One Name, Two Parts
Charlottesville … the name conjures up images of a beautiful, historical community at the edge of the Blue Ridge Mountains with iconic features such as Monticello and the Rotunda. Like most place names, people associate the name with visual images of the place, such as the Eiffel Tower for Paris or the Golden Gate Bridge for San Francisco. In doing this, the origin of the name is lost.
Although it is a single word, the name “Charlottesville” is actually composed of two parts. The two-part pattern is typical of names in the English-speaking world, for example, Albemarle County, Rivanna River, and Carters Mountain. Each name has a generic part, which describes the type of geographic feature (County, River, and Mountain), and a specific part, which identifies the precise feature (Albemarle, Rivanna, and Carters). In the case of Charlottesville, we have the two parts combined into one word, the generic term “ville” and the specific reference to “Charlotte.”
The Charlotte in Charlottesville refers to Charlotte of Mecklenburg-Strelitz (1744-1818), the wife of King George III and the British Queen consort (and Electress of Hanover). She was an amateur botanist, philanthropist, and sponsor of the arts. That said, she is most widely known as the wife of King George III, the Mad King.
Charlotte’s name is found in locations across the British Empire, including the Queen Charlotte Islands, British Columbia (now known as Haida Gwaii); Queen Charlotte Sound, New Zealand; Charlottetown, the capital of Prince Edward Island, Charlotte County, VA; Charlotte County, FL; Charlotte, Vermont; and Charlotte, NC … which is known as the Queen City.
The “ville” in Charlottesville comes from the modern French word meaning “city” or “town”, although in the Middle Ages the term referred to a “farm” and later a “village.” In Names on the Land: The Classic Story of American Placenaming, George Stewart observes that the name became especially popular after the American Revolution, noting that the “sudden popularity can thus be simply and surely credited to the enthusiasm for the French which swept the county.”
He notes that Charlottesville, which was established in 1762, is an exception of a “ville” placename named prior to the American Revolution. According to the Geographic Names Information System (GNIS), Virginia has 356 “ville” names for populated places, 13 of which are found in Albemarle County.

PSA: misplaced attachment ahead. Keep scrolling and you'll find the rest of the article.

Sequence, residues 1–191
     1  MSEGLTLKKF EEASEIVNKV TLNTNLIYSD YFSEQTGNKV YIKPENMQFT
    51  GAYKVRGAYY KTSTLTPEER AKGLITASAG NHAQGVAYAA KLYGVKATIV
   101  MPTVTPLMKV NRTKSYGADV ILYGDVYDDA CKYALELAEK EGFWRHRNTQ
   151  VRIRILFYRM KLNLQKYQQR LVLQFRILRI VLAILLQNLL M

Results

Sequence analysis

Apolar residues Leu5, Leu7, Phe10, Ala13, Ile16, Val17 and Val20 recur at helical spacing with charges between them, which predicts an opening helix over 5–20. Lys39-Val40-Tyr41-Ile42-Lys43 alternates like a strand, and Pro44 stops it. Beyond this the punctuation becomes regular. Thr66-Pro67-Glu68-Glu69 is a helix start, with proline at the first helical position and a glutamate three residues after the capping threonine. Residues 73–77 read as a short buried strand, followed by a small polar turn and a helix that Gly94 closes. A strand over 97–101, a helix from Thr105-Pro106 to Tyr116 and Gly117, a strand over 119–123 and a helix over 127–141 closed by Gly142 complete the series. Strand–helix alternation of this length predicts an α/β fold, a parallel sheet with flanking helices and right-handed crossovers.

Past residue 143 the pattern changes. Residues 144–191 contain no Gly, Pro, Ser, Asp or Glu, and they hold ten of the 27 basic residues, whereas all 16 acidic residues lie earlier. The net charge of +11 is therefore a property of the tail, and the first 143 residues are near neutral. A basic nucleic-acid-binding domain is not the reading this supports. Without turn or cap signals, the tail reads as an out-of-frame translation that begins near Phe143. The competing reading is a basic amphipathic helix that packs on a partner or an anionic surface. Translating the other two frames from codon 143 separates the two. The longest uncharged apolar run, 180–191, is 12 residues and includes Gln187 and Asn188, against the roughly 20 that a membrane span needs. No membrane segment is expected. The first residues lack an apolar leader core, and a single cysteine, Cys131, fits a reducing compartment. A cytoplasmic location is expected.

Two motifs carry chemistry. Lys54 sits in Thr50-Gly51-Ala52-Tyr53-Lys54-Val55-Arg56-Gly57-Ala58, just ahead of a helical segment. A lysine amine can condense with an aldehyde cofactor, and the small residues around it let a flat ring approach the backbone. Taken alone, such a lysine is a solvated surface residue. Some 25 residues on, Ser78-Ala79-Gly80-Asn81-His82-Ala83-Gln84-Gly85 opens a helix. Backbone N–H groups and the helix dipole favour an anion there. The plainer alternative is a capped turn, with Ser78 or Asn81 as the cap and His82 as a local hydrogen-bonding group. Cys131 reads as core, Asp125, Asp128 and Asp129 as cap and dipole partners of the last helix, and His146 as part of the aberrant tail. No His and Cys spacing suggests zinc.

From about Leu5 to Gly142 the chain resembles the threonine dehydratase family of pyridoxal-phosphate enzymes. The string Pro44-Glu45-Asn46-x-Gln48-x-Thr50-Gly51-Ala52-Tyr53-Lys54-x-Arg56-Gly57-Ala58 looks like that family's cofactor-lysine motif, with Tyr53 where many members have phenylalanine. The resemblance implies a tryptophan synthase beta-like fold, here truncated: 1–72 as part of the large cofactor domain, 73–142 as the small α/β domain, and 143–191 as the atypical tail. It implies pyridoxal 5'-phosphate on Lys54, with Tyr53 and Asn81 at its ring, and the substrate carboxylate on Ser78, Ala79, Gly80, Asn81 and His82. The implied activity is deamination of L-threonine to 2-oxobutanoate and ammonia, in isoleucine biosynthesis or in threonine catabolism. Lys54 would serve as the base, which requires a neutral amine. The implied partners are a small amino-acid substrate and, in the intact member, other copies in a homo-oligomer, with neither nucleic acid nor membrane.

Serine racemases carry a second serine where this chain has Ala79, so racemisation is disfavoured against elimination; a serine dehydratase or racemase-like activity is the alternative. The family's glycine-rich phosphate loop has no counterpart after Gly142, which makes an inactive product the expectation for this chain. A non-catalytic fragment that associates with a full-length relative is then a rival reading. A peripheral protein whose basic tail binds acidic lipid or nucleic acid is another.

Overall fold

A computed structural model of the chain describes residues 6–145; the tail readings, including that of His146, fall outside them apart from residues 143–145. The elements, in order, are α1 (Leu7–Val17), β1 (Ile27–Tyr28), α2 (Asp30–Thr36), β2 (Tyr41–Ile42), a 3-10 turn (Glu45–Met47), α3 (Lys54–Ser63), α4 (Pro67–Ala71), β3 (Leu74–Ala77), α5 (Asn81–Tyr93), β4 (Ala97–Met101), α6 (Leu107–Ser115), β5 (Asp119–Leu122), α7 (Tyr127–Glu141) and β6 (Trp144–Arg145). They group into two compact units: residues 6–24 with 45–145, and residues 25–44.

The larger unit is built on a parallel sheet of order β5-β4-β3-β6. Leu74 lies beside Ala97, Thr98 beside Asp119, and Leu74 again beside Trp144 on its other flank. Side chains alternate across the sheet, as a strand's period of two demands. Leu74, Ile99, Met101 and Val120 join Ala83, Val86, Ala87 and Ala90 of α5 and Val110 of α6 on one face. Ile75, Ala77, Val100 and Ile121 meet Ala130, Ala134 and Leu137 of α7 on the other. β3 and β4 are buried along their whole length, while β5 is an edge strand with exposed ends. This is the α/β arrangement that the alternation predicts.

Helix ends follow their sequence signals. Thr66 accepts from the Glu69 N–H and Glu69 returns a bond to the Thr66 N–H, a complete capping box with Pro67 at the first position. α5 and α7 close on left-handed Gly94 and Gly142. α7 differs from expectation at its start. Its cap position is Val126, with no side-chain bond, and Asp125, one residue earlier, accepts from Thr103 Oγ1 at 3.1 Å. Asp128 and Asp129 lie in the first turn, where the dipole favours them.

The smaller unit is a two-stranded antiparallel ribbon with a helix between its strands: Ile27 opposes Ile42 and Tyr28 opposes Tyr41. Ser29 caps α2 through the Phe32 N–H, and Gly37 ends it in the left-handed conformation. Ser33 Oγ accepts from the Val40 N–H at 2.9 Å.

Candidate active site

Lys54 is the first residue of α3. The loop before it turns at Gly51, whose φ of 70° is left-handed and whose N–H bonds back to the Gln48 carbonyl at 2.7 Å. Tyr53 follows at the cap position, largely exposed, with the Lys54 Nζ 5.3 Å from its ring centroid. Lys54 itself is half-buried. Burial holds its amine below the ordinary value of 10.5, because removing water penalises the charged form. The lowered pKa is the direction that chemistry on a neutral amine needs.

Batesville / Boonesville / Brookville Manor / Brownsville / Covesville / Doylesville / Earlysville / Earlysville Heights / Everettsville / Howardsville / Nortonsville / Owensville / Scottsville
“Ville” names are spread across the United States, with most east of the Mississippi River and the heaviest density falling in the Midwest and along the coastal states from Virginia to Massachusetts.
The GNIS lists 8247 names across the United States and its territories, including some well-known cities.
Asheville, NC / Fayetteville, NC / Gainesville, FL / Huntsville, AL / Jacksonville, FL / Knoxville, TN / Louisville, KY / Nashville, TN
As for Charlottesville, there are only two other populated places named Charlottesville in the United States, both are small crossroads in Indiana. The Charlottesville in Hancock and Rush Counties, with a population of 631 in 2012, is believed to have been named for Charlottesville, VA. The other lesser known and poorly documented Charlottesville is located Union County.
The next time you see a placename, take a look at the name and look beyond your mental image of the place. Break the name down into its specific and generic parts. In addition to the “ville” generic, you may see other common generics, such as “burg,” “burgh”, “bury”, “chester,” “don,” “field”, “glen,” “ham,” or “ton.” These generic terms once had a meaning that is largely lost today. In populated placenames, these individual words are now combined with the specific term into a single word, losing their distinctiveness. And with all placenames, you will often find two stories, one about the name itself and a second about how the name came to be.
Baker, Ronald L. (October 1995). From Needmore to Prosperity: Hoosier Place Names in Folklore and History. Indiana University Press. ISBN 978-0-253-32866-3.
Stewart, George R. (Reprinted July 2008, originally published in 1945). Names on the Land: A Historical Account of Place-Naming in the United States. New York Review Books Classics. ISBN 978-1-590-17273-5
Geographic Names Information System (U.S. Board on Geographic Names)